The Centers for Disease Control and Prevention confirmed the first U.S. death from the flu in Texas and identified 91 cases of swine flu in the United States as of Wednesday, April 29. More than 150 people have died from the flu in Mexico.
Employers that established preparedness plans during the avian flu crisis several years ago are seeing their efforts pay off. Heavy equipment maker Caterpillar, based in Peoria, Illinois, is using its avian flu pandemic plan to guide the company’s actions at each facility worldwide, said Michael Taylor, the company’s medical director for health promotion.
The company has partnered with International SOS, a medical security company, to identify and communicate health information to traveling employees. The company has halted travel to Mexico unless extremely urgent and has sent medical kits to employees who are on extended business travel or are in Mexico.
There is no vaccine for swine flu, which combines strains from human, avian and swine viruses, but Caterpillar says the company’s travel kits include antiviral drugs, such as Tamiflu and Relenza. If taken within 24 hours of symptoms, the drugs can reduce the intensity of the flu.
“We spent a tremendous amount of effort getting the pandemic project completed two years ago,” Taylor said.
EMC, a technology company near Boston, said it also has a preparedness plan that details how the company will operate if the outbreak spreads. While the company has not instituted a travel ban, its employees in Mexico are using flexible work locations, a spokeswoman said.
SC Johnson, the Racine, Wisconsin-based cleaning products manufacturer, began implementing portions of its pandemic preparedness plan when health officials declared an emergency Sunday, April 26. The company has limited travel to Mexico, sent information to employees on ways to stay healthy—such as covering one’s mouth when sneezing and washing hands—and updated employees with information from health officials. Its Mexico office is following a more detailed plan, a spokeswoman said.
Companies without pandemic plans are improvising based on their circumstances.
The Cleveland Metropolitan School District has sent out e-mails and automated phone messages with health information to its employees after the only case of swine flu in Ohio was identified at a public school in nearby Elyria. Officials closed the school, Ely Elementary, for the remainder of the week.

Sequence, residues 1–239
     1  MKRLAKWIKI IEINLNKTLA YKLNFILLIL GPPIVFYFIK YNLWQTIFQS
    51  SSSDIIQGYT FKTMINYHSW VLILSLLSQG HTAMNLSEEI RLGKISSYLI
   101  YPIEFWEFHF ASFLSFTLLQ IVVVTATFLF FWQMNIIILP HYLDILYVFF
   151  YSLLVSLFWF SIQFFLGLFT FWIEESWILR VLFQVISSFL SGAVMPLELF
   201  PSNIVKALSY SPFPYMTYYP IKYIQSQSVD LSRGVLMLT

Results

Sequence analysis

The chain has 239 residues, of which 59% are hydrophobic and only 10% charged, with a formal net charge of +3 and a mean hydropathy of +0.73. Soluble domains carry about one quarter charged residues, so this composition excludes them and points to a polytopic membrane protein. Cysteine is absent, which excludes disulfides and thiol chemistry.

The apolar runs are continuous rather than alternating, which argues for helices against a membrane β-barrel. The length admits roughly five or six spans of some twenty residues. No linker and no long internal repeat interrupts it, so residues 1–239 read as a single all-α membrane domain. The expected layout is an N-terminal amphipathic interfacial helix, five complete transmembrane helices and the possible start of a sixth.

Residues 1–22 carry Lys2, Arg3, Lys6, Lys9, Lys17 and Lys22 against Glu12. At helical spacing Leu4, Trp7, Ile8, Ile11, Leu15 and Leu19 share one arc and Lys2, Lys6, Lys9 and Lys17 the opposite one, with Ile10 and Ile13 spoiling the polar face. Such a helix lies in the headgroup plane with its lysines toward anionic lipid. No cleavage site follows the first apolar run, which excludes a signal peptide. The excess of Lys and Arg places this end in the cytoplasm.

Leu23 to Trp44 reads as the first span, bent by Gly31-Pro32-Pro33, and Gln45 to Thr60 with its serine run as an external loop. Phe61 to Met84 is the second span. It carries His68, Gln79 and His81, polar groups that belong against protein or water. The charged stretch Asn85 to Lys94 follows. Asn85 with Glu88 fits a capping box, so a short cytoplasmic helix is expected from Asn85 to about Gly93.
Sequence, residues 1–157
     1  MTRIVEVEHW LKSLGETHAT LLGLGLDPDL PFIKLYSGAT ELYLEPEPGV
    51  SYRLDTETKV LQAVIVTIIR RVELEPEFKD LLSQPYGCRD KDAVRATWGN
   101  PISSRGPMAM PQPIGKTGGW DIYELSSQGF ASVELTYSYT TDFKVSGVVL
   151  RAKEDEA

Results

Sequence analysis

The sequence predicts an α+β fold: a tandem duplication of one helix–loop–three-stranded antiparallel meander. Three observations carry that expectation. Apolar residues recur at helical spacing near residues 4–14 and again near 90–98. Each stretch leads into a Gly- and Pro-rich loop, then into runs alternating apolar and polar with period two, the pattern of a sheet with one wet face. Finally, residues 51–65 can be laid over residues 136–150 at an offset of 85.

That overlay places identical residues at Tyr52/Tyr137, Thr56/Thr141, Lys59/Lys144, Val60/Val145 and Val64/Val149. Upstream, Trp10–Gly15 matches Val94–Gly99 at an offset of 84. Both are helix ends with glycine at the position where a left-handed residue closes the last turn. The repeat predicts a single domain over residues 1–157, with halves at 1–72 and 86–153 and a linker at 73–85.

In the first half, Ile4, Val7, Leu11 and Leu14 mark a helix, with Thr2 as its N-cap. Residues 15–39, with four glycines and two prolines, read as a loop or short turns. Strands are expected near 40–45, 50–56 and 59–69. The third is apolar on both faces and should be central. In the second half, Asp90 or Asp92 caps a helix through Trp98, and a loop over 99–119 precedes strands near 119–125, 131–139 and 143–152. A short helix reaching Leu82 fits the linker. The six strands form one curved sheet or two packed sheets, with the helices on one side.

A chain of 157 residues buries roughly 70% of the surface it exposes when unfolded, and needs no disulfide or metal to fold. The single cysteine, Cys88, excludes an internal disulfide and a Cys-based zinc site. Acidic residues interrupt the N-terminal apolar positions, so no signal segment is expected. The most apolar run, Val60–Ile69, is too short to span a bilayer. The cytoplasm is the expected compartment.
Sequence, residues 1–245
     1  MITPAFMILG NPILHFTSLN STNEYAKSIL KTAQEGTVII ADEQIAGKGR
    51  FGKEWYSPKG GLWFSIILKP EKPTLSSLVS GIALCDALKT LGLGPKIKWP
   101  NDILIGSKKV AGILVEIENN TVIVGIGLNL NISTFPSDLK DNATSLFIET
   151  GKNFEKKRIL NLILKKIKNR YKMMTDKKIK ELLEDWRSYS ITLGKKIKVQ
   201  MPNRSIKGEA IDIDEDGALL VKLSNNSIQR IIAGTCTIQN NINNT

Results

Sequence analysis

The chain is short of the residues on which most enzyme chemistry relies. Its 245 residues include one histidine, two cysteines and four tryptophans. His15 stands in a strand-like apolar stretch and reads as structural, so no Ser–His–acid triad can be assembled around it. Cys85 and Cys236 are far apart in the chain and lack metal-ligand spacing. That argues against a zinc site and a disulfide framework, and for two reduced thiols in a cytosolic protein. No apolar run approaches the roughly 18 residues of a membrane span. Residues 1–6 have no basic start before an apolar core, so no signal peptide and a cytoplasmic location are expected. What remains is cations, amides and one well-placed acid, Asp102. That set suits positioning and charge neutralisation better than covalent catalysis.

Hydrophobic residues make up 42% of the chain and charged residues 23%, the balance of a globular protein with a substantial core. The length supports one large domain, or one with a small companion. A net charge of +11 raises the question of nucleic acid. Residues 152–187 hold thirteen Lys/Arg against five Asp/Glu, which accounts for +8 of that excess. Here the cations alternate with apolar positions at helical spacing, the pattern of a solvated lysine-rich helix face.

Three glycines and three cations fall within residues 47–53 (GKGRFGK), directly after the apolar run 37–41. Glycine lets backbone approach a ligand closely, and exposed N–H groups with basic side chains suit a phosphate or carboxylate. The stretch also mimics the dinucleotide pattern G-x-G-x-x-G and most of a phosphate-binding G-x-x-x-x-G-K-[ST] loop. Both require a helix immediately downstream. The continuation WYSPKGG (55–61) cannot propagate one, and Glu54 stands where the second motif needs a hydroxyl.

“We’re providing information without attempting to induce panic,” said Edwin Skinner, executive director of employee benefits and risk management at Cleveland Metropolitan Schools.
Law firm Bryan Cave is posting health information on its company Web site but has not sent e-mails to its 2,300 employees for fear of causing a panic.
Interpublic Group, a marketing and advertising firm in New York with 43,000 employees in more than 100 countries, has restricted travel to Mexico and advised employees in affected areas to work from home.
Rooms to Go, a Tampa, Florida-based furniture chain, is working with its pharmacy benefit manager to get access to generic forms of the antiviral medication for its employees.
“We are going to see if we can get the medication at a low cost so that employees don’t have a high co-pay and thus avoid taking the medication,” said Linda Garcia, the company’s vice president of HR.
The company is also allowing employees who are sick to take time off without having to use sick days.
Companies in the U.S. that don’t have unions will face fewer obstacles if they want to quickly implement pandemic plans, said Don Dowling, an international employment attorney with White & Case in New York. Health officials have categorized swine flu as an outbreak, which is more limited in its scope.
Pandemic preparedness experts say companies should identify company leaders who are responsible for communicating with employees and other contacts, such as health and legal services, and maintain an updated and accurate contact list. In addition to business continuity plans, Aon Consulting suggests employers should establish crisis communication plans and provide a central resource responsible for answering questions and collecting site-specific information.
Dowling says formal policies allow employers to discipline employees who do not comply with company procedures, such as travel restrictions or reporting the illness of family members.
“Now that this has happened, maybe companies are going to see the importance of having a global pandemic policy,” Dowling said.